For a brief but savory moment, the Ketchum City Council enjoyed cheers and handshakes from those who filled City Hall.
Council members Monday, Nov. 21, unanimously approved the resolution and ordinances that take the Simplot project, including a plan for a new Sun Valley Center for the Arts headquarters, one step closer to fruition.
"I'm glad we got it put to bed," Dick Fenton, a representative for the property owners, the Simplot family, said Tuesday. "Relieved is probably the word."
Sam Gappmayer, SVCA executive director, said the Ketchum-based arts organization was grateful to be at this point in the process.
"We're happy about the outcome," he said Tuesday. "The Simplots are offering to us to be a portion of the overall plan. The next step is to sit down with the Simplots and work out the details."
The Simplots will subdivide and develop under a detailed master plan the 3.8-acre parcel that encompasses two city blocks immediately northwest of the Ketchum Post Office, along Second Avenue.
Lot 1, on the southeast part of the property, is planned to be the site of the Sun Valley Center for the Arts. Lots 2 and 3, to the north, will be mixed-use parcels, and Lot 4, to the west, will be all residential.
Supporters of the overall project say benefits to the city are public parks, improvements to a public bike path crossing the site and public access to a 136-space underground parking garage.
On Monday's agenda were two ordinances: vacation of 33,000 square feet of public rights of way, including an undeveloped portion of Fifth Street and an alley that would bisect the property; and a rezone of one portion of the property entirely to Tourist zoning designation and another portion to General Residential-High Density.
The council also passed a resolution allowing the mayor to execute a development agreement between the city and the property owners.
The process threatened to be delayed another several months due to changes discussed during an executive session midway through Monday's meeting.
If major amendments are made to the development agreement, it would have had to go through another three readings with the council at subsequent meetings.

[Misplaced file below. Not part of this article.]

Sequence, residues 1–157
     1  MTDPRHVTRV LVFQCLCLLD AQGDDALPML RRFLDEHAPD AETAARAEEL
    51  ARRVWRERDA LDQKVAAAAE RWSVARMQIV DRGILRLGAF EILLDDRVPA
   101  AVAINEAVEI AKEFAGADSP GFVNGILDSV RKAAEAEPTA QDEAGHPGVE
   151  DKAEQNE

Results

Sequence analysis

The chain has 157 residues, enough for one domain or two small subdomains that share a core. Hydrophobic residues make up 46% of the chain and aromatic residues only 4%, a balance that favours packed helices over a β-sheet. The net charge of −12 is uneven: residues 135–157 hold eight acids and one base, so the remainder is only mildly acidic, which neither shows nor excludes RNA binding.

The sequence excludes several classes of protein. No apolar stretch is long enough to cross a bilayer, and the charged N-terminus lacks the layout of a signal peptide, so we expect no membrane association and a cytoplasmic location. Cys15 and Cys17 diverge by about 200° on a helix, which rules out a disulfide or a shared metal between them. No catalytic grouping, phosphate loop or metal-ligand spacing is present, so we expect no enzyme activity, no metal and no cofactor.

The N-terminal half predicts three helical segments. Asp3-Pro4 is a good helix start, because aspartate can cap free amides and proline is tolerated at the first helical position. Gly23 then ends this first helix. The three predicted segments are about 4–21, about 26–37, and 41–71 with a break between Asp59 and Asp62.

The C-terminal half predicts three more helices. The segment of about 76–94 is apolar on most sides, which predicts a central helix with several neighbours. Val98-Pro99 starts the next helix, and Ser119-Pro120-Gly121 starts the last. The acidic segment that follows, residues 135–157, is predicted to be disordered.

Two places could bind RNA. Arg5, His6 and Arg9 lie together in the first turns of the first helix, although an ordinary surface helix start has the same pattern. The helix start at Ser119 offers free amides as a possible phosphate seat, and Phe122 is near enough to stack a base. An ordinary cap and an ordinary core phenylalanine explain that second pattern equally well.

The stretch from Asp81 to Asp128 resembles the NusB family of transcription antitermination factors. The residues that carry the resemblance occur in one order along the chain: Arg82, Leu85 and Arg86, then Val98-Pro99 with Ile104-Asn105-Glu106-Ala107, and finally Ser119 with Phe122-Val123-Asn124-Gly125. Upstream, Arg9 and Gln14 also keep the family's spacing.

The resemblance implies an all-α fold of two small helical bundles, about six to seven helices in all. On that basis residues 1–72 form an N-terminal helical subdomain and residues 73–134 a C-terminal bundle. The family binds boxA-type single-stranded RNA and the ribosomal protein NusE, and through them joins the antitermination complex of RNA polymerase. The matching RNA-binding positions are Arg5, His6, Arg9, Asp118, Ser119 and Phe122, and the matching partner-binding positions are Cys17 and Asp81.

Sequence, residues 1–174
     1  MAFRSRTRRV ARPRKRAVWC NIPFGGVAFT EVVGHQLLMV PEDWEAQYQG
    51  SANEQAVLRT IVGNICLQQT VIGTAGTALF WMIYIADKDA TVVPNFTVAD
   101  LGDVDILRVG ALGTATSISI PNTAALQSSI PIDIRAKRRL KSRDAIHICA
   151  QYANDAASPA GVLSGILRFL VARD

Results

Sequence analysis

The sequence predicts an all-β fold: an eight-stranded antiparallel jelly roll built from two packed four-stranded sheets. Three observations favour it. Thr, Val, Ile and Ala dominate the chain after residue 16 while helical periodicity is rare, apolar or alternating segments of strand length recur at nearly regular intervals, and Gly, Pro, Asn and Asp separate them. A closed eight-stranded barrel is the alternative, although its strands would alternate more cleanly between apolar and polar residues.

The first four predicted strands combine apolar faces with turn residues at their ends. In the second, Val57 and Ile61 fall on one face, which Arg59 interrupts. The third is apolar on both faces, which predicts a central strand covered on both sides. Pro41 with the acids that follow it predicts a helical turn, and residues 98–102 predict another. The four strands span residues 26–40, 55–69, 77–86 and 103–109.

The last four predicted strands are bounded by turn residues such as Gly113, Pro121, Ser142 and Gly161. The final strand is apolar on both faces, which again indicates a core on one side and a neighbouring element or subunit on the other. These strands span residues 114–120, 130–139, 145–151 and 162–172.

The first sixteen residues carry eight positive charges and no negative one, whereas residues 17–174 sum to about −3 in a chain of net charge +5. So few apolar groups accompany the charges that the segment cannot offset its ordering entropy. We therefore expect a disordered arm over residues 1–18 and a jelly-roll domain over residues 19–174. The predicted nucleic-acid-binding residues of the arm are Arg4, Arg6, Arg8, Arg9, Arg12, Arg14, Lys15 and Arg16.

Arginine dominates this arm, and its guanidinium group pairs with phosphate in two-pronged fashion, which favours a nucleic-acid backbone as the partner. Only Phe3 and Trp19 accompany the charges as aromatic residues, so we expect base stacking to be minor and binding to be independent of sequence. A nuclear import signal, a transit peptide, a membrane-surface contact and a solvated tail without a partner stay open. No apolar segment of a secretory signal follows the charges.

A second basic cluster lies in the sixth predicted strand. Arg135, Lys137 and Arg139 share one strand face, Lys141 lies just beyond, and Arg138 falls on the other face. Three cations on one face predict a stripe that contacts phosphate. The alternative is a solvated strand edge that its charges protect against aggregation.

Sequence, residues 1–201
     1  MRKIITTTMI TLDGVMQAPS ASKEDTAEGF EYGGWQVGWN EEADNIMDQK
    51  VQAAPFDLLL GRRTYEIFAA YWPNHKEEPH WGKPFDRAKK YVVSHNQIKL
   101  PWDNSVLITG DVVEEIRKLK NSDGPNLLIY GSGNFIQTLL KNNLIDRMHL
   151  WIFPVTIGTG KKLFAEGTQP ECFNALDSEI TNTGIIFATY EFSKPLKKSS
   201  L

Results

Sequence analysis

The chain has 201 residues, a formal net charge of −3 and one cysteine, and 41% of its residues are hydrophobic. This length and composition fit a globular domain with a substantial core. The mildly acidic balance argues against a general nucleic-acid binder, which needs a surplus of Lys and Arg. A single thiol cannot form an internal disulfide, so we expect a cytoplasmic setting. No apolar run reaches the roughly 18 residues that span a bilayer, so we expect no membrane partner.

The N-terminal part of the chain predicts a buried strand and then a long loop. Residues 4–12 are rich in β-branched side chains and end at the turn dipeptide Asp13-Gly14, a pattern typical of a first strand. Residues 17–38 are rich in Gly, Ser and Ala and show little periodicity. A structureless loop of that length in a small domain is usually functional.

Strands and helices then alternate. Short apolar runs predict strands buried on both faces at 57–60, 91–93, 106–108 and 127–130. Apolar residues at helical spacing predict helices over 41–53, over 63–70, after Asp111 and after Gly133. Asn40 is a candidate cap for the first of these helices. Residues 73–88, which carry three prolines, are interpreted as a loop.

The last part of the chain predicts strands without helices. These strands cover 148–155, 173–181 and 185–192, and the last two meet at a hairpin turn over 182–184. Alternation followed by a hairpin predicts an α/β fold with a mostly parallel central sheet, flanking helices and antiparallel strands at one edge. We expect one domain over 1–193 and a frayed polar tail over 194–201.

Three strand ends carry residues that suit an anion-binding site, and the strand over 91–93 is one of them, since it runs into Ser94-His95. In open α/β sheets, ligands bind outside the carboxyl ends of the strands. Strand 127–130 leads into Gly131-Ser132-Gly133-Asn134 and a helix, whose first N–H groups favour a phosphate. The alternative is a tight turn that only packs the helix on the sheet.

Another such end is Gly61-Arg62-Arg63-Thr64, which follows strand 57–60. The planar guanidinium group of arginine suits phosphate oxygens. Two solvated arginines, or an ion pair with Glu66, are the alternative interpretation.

"There was some question on a title issue," said Mayor Ed Simon. "The parties have gotten together and resolved all issues."
Instead of taking the title issues to court, Simon said after the meeting, the applicant agreed to increase the community-housing requirement from 10,000 square feet to 15,000 square feet.
That could represent up to 20 affordable housing units, Fenton said.
The owners will also get to build two additional market-rate units.
City Council President Randy Hall said the changes did not constitute major amendments, and the council opted to vote on the matter.
All buildings in the project still must go through design review at the Planning & Zoning level.
Fenton said the Simplots will likely sit down early next year to decide how to proceed with the development.
"They'll make some decisions whether they want to sell the other lots, develop them themselves or through a joint venture," Fenton said.
Gappmayer said the SVCA hopes to have sketches drawn up in the next six months.
Most attendees at Monday's meeting were there to support the arts center's plan.
"It allows us to put our feet somewhere for 20, 30 years," said Will Northrop, SVCA board president. "We've had to move every 10 years, (resulting in) the inability to grow further. The center has an opportunity to ground itself and meet current space needs and those of the future."